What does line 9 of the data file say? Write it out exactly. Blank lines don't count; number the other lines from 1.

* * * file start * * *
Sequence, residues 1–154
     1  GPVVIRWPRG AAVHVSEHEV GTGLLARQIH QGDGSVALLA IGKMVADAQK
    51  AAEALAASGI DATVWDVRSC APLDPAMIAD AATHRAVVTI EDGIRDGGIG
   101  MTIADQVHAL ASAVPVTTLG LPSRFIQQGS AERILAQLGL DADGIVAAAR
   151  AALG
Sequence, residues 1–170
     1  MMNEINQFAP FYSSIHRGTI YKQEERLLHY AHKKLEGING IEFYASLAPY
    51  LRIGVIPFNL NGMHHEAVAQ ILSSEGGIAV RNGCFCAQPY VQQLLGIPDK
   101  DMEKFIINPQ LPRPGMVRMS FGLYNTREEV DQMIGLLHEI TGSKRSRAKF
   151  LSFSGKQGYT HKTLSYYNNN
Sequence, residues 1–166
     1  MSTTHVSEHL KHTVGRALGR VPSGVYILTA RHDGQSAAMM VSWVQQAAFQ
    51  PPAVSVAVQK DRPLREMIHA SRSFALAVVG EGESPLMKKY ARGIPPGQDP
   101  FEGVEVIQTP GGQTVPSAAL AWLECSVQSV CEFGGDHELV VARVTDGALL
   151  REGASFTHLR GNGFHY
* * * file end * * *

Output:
   101  DMEKFIINPQ LPRPGMVRMS FGLYNTREEV DQMIGLLHEI TGSKRSRAKF